BUENOS AIRES, April 7 — The governor of Buenos Aires, Argentina’s largest, richest and most populated province, has declared a 12-month state of emergency following an outbreak of lynching by furious citizens who feel defenceless and ‘overwhelmed’ by crime.
The situation has become a major political issue with magistrates and the Church calling for restrain.
“This is a fight to defend the most sacred, life” governor of Buenos Aires province Daniel Scioli said and called on “all political forces” to coordinate efforts in the battle against crime.
Escorted by all of his cabinet ministers, Scioli held a press conference in the City of La Plata to declare a 12-month security emergency in the province which represents over 35 per cent of the electorate registry.
“The emergency is the legal instrument we have to speed up the investments we need to do to face the kind of crime we are dealing with and the decisions we need to make,” Scioli said and explained the anti-crime measures will involve an investment of 600 million pesos (RM245 million) in security equipment through the Banco Provincia financing.
Among other measures, is the “immediate call” to retired agents from both the provincial police and penitentiary system to rejoin prevention actions aiming at a 5,000-member force.
The Scioli administration will be submitting several bills to the provincial legislature, such as a project to “limit prisoners’ release” in a process to be “oral and public” and another one that involves “effective prison terms” in cases of unauthorized weapon carrying.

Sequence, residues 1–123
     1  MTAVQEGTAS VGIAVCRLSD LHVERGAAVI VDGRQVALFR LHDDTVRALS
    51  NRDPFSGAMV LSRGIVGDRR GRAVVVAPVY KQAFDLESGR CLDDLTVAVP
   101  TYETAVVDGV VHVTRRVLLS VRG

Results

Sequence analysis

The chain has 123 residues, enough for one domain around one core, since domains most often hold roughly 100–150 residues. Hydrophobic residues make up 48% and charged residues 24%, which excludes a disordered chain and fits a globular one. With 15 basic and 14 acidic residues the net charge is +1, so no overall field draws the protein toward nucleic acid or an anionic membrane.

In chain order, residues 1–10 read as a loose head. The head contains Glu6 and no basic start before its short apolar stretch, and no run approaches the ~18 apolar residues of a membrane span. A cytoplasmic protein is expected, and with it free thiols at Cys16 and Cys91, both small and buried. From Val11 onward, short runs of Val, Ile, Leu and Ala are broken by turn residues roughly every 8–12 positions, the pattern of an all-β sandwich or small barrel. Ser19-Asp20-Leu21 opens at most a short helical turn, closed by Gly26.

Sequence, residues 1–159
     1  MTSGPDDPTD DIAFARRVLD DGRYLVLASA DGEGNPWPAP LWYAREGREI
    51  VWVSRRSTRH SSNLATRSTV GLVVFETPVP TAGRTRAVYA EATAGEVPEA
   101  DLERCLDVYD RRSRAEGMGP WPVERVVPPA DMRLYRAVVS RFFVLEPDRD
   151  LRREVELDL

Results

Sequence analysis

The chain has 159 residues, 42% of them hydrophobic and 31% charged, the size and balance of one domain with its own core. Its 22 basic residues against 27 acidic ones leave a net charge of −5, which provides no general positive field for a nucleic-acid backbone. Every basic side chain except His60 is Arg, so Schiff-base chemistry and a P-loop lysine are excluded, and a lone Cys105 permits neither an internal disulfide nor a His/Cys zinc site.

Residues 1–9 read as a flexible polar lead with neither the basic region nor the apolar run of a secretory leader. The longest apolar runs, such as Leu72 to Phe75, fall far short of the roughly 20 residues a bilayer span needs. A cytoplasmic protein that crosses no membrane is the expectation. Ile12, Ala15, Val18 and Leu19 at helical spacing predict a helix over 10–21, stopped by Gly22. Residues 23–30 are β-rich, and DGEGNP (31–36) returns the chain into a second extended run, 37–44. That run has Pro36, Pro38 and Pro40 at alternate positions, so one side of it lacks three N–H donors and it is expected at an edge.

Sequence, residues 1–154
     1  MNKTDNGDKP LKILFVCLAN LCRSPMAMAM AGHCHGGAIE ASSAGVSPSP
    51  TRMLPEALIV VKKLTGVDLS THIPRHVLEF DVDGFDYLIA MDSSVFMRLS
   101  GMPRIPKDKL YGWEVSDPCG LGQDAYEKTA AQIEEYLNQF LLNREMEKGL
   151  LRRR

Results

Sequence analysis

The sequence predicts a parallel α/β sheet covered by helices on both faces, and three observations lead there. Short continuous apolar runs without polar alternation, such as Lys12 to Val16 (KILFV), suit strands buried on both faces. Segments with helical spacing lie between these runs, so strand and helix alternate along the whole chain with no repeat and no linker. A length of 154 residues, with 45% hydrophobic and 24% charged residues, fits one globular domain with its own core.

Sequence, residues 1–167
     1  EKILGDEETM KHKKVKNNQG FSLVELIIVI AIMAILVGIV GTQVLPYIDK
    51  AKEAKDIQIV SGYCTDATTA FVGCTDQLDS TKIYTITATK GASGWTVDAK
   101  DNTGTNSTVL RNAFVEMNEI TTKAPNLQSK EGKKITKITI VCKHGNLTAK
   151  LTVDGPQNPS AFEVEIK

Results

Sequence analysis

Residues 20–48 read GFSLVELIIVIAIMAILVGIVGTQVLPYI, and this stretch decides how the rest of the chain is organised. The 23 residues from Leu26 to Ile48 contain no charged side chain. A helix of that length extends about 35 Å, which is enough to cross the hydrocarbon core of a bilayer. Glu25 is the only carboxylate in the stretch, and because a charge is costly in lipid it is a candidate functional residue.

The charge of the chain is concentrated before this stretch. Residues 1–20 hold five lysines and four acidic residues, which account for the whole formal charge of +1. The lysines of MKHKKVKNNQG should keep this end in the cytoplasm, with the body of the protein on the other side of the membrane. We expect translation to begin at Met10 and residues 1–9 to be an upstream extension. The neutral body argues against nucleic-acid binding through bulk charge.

The governor demanded MPs also a “quick treatment and sanction” of the bill that creates municipal police in the provincial districts.
Furthermore, the governor announced the creation of eight agencies with a capacity to host 1,000 prisoners and 4 penitentiaries.
Queried about what drove his decision to decree the security emergency, Scioli mentioned Friday’s shooting in the provincial locality of Bernal. “There were 50 gunshots in Bernal that could have ended up in a tragedy,” he said.
But even when Scioli did not mention it, it was obvious that among his administration’s reasons to make the announcement are the lynching cases of alleged thieves in several provinces across the country, that have prompted deep social unrest and a strong debate among politicians over the past weeks, together with statements from the Catholic Church and from magistrates.
Magistrates are accused of being too lenient with criminals, but they argue that they need legislation and the situation has triggered the debate whether further stronger police powers and more strict sentencing is the solution to the challenge.
Governor Scioli who has a good standing in opinion polls is one of the several hopefuls for next year’s presidential race to succeed President Cristina Fernandez. — Bernama